By Dr. Cheryl Adams
of Bay Road Animal Hospital
YES! Heartworms are found in all areas of the United States now, with the highest prevalence along the Gulf Coast, including Florida. Heartworms are spread by infected mosquitoes to dogs and cats. Heartworm disease signs are very different in dogs vs. cats; but both species need preventative medication every 30 days to keep heartworms from developing into adults, where they reside in the heart chambers causing mechanical heart value damage. There are several myths and misconceptions surrounding heartworm disease, its treatment, and its prevention.
Myth #1: My dog doesn’t need preventative because he stays indoors and isn’t exposed.
FALSE. It just takes one infected mosquito to sneak into the house and bite your pet for the infection to start. Heartworm disease is a silent until the very advanced stages when permanent damage has occurred. We can’t see the worms in our pet’s bloodstream or heart like we can see fleas and ticks on their skin; just because we can’t see them, doesn’t mean they aren’t there.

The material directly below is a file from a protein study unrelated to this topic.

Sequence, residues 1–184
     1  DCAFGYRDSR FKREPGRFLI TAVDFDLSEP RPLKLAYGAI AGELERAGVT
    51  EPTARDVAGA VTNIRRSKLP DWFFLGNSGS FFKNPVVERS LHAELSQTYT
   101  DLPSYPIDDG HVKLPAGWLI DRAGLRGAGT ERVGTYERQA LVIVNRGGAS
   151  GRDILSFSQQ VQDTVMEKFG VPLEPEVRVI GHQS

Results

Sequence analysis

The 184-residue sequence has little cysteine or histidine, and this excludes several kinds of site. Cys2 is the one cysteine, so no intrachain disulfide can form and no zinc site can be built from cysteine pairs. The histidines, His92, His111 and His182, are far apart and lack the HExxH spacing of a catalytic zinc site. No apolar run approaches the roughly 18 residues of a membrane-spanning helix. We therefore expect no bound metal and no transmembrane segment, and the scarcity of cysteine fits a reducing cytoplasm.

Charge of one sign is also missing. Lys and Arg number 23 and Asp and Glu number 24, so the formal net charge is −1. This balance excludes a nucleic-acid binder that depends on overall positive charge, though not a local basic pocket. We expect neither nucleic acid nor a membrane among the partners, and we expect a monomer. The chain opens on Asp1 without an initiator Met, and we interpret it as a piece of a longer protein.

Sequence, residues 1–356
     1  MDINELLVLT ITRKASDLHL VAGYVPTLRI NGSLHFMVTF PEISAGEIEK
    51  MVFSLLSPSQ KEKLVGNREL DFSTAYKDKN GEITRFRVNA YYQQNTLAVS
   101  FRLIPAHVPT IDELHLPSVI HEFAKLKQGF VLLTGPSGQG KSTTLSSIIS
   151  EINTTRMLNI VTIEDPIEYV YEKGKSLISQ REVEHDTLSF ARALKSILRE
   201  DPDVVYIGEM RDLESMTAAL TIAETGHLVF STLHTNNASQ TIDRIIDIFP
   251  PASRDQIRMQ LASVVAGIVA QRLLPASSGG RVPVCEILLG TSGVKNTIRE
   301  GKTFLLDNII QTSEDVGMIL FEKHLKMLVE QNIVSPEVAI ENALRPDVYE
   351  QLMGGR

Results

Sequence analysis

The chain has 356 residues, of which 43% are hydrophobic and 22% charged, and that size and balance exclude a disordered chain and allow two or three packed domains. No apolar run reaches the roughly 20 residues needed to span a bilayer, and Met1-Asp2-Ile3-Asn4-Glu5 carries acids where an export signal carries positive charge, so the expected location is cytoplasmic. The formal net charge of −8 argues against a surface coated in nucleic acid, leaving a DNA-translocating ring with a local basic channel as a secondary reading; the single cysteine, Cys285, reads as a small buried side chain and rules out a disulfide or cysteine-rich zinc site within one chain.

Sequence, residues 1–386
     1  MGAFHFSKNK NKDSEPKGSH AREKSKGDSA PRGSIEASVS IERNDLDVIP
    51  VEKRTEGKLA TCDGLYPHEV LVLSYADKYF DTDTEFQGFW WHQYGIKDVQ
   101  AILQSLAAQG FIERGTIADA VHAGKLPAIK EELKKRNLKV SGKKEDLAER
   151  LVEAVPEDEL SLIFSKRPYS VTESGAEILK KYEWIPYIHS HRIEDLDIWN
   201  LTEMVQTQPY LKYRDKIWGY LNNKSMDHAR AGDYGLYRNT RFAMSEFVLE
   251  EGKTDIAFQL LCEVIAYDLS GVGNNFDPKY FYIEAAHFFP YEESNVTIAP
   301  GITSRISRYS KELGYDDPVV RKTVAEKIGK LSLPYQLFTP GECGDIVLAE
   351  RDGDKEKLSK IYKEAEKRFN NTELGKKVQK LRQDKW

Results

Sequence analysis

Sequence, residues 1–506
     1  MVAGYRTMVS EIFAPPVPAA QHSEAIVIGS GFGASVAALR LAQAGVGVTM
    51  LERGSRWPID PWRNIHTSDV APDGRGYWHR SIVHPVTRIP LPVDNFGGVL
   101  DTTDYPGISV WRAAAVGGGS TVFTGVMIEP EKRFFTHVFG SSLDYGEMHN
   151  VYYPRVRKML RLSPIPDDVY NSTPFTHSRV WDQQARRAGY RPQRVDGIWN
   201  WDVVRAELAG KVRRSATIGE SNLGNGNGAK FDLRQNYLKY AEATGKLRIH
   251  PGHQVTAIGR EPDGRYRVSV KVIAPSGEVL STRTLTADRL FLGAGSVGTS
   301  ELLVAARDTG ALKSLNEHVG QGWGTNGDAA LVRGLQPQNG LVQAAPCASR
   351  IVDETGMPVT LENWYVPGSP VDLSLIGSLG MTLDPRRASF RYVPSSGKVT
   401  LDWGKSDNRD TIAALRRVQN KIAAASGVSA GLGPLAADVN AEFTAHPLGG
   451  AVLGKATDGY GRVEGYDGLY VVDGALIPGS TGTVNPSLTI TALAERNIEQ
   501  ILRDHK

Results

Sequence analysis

Myth #2: My dog really doesn’t need preventative because heartworms are easily treated with today’s medications.
FALSE. Even though today’s adulticide heartworm treatment is much safer than those from 20-30 years ago, there are serious potential side effects. Some dogs have actually died while being treated. Extreme caution needs to be used when treating a dog to rid him from adult heartworms. And for cats, there is no adult heartworm treatment available now; so once a cat gets a heartworm infection, the only option is to try to medically manage the signs and symptoms.
Myth #3: Why spend money now on preventative when the treatment doesn’t cost THAT much?
FALSE. In fact, an average cost of treatment is approximately $1,000 per case, and if there are complications, the cost can be significantly more. Recently one veterinary medical company did a survey and found that most people thought the heartworm treatment was $250 or less. Remember that the monthly preventative costs just a fraction of the adult treatment and is extremely safe.
In summary, when used correctly, heartworm preventatives are safe and effective and of little cost when compared to the cost of adult heartworm treatment.
For futher information go to www.heartwormsociety.org